Sans-serif – these fonts do not contain serifs, hence the name. This typeface is seen as modern, friendly, and youthful.
Some of our favourites:
- Avenir Next
Script – also known as cursive, these fonts look like cursive handwriting. This font is best used as a title.
Display – the quirky sibling of the group, these fonts have no discernible similarities as they come in many different shapes and styles. They are mostly inspired by calligraphy and are best used in titles.
For script and display fonts, we usually avoid them even for titles, because they’ll look great on desktop when they’re big, but might cause legibility issues when they’re displayed on a smaller screen on mobile.
When you are choosing your font, you have to remember that it represents your brand. If you’re selling a lifestyle product to Millennials or Gen Z then you should consider using a sans-serif font. If you’re trying to appear trustworthy, professional or elegant perhaps a serif font is more appropriate.
Brands like Google and Apple exclusively use sans serif. Their brands are both seen as modern, youthful, and fresh.
While brands like Dior and Armani use serif fonts for their logo and headings to convey elegance and class.
Design elements are an aspect of web design that goes through never-ending waves of fads and trends. But it’s also where you can be your most creative!
The design elements of your website are what add depth and personality to your site. Think illustrations, animations, photos, and icons. You need to choose and develop your website’s style along with your brand. Is your site playful? Is it more serious? Every company has a brand personality and the design elements you choose will play a very important role in properly conveying it.
Since design trends are always changing and evolving, let’s go over some of the different types of elements you can incorporate into your website.
Animations – the poster child for trendy websites! Animations are extremely impressive and for a good reason. They have an interactive element that catches the user’s attention and leaves them with a lasting impression, but only if it’s done well. The animation issues begin when designers go overboard. You don’t want to throw all accessibility standards out the window just for a first impression. You want your users to come back and come back often. Users are looking for information so if your animations make it difficult to get to the good stuff, that’s counterproductive to your goals.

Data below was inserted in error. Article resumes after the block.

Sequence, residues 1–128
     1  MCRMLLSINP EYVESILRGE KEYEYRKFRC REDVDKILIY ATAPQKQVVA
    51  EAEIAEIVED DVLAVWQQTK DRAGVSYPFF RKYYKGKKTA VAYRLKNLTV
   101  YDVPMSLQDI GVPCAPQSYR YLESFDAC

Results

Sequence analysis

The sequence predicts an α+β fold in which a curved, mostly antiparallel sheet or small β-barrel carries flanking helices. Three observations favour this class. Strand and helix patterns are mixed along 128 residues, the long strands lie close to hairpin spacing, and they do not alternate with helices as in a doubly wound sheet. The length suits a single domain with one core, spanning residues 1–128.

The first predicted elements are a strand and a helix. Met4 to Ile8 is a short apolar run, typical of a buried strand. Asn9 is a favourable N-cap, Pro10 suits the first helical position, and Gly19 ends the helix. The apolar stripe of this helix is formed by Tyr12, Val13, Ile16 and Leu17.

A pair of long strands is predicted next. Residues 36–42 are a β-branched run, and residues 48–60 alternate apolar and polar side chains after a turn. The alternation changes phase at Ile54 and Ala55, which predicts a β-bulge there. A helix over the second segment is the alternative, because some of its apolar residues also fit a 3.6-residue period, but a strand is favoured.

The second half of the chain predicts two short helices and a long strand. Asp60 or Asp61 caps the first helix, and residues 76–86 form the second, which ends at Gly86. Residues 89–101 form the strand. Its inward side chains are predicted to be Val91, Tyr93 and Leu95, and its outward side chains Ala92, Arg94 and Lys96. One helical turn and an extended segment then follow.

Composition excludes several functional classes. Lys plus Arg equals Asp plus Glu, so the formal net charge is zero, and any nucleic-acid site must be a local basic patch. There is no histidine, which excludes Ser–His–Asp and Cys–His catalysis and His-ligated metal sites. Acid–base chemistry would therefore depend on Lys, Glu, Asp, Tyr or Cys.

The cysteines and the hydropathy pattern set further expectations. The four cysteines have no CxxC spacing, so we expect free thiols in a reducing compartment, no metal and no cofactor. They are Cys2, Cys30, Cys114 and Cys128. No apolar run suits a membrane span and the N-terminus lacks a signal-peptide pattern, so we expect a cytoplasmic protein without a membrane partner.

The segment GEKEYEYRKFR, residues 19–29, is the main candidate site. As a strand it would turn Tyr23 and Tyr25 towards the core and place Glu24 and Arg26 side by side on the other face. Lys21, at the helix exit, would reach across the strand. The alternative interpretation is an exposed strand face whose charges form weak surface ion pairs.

Apple is extremely good at incorporating effortless animations that bring the focus to their products without overwhelming the user or making it difficult to navigate the site. Scroll through to see how they animated the AirPods Max.
Illustrations – illustrations are a great way to make your website unique. A great addition to any website, it can convey your brand message and mission creatively. Playful illustrations are used frequently by SaaS companies like Hubspot and Mailchimp. A lot of organisations also like combining photos of people with illustrations to create a dynamic and personable site.
Photos – as the saying goes, a picture is worth a thousand words. Including images on your website can provide so many benefits. They can add context to your service/product, convey certain emotions, and better attract your target audience.
And did you know that including photos of people on your website can actually increase your conversion rate? Studies have shown that putting people on your site makes it more trustworthy. Individuals want to connect with others so no matter your organisations purpose, adding a human element will lead to higher conversions.
Your hero image is the first thing that people see when visiting your website, so it needs to be visually appealing and informative to keep them scrolling. Whether it’s an image, illustration, or video, it needs to represent your brand while also enticing visitors with a concise message.
Most hero sections contain a hero image, a title or message, and a call-to-action (CTA). Here are some standard rules to follow when creating your hero image:
Pick an image that represents your organisation – think about what drives your organisation and choose an image that accurately represents your brand. If you’re a theatre, you would pick imagery from your shows that feature actors in action. If you’re a non-profit, you would choose images that support your mission. Your imagery must be eye-catching because it will be a visitor’s first impression. If possible, avoid generic placeholder images and instead invest in your own images.